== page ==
Keep the temperature low

Aim to keep the cold smoking temperature at below 90°F. Anything above this temperature will result in your cheese sweating and even melting. As well as monitoring the temperature of your smoker carefully, be sure to keep an eye on your cheese and replenish your ice pans as needed.

Turn regularly

For even smoke penetration, you should ensure all the surfaces of your cheese gain sufficient exposure to the smoke. Depending on your total smoke time, be sure to turn your cheese every 15 to 30 minutes.

Pay attention to time

Cheese tends to absorb smoke flavors quickly, taking on an acrid, overpowering taste when it’s overdone. The length of the smoke depends on the type of cheese you’re smoking and your taste preference.

Cheese can take anywhere from 30 minutes to several hours, with longer sessions developing stronger flavors. It’s also important to note that any moisture on the cheese will cause it to collect more smoke particles, intensifying its taste.

In general, softer cheeses need a shorter smoke than harder ones. But this will take a bit of experimenting with to get right.

Many pro cheese smokers learn to distinguish smoke times based on the finishing color of the rind.

Keep the smoke light and constant

When it comes to smoking cheese, you want to keep your smoke light and ensure that you’re maintaining a continuous stream. Be sure to add a small number of wood chips or pellets at regular intervals.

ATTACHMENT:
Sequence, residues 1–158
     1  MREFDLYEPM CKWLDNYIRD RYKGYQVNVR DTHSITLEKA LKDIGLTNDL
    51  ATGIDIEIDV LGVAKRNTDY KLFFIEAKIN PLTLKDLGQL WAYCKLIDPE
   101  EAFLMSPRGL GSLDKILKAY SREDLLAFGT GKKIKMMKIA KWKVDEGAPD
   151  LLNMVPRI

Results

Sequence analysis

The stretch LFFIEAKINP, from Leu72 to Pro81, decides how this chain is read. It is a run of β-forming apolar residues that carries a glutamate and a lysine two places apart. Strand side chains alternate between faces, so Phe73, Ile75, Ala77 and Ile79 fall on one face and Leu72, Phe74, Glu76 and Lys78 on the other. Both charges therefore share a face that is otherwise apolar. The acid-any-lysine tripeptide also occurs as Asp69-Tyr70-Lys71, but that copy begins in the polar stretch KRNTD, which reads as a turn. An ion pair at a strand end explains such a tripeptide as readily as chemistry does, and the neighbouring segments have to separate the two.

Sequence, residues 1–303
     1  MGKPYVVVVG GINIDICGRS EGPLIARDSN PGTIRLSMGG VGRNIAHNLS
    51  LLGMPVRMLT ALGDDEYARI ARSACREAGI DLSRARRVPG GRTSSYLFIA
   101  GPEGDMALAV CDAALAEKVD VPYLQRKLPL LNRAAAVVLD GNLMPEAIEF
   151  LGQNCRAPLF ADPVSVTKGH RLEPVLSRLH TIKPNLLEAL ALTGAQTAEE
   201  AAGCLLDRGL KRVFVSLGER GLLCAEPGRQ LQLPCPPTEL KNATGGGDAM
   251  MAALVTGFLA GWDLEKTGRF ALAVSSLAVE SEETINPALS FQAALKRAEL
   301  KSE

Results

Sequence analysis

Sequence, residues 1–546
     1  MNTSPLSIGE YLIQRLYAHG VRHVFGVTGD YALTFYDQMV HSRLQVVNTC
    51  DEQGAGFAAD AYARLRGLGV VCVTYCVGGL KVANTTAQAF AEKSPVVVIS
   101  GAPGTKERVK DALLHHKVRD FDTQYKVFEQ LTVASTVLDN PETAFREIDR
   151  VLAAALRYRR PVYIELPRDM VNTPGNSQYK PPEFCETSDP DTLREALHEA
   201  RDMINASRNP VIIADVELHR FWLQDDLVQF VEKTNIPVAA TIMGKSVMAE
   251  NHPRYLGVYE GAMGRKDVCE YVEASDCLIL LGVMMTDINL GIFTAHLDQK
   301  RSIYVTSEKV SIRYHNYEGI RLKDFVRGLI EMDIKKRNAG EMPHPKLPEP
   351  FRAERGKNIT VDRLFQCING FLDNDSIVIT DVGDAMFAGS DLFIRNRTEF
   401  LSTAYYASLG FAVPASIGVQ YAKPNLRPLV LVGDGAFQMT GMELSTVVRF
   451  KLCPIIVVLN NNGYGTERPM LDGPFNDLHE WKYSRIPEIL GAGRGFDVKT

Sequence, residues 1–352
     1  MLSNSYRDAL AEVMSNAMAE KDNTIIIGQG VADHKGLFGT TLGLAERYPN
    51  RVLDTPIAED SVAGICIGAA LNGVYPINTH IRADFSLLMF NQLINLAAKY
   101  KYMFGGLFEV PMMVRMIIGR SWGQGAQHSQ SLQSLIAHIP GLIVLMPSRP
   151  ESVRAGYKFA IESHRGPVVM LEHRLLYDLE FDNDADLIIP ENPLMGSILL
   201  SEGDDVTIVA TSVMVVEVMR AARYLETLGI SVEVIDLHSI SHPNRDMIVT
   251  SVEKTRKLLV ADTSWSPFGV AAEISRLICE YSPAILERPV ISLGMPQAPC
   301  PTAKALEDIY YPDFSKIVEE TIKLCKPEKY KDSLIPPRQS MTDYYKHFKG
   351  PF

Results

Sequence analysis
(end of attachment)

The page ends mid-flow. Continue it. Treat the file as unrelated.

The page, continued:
How to set up your smoker for smoking cheese

You can use your grill here, or if you have a pellet or offset smoker. Just make sure that it has good ventilation.

Rather than ramp up the heat, we’re just using your smoker to hold the cheese while we cold smoke it. You will need either a tube smoker or cold smoke generator for this.

Use a mild wood like apple, cherry, or pecan. Try to steer away from strong aromas like oak or hickory for now, until you start experimenting with harder cheeses.

Light your tube smoker or generator, making sure there is only smoke and no flames. Use a grill surface thermometer to make sure that heat doesn’t ever go above 90°F (32°C).

How to smoke cheese

Now on to the fun part.

Place your cheese wedges on to the smoker grates. Make sure there’s enough space between them to allow good airflow.

Close the smoker or grill lid and leave for a couple of hours. This should be enough time to allow the smoke to do its thing without letting it get to the point where the flavors overpowers your cheese.

Once two hours is up, remove the cheese from the chamber and wrap in parchment paper. You want to let it breathe a little bit, so don’t wrap it too tightly.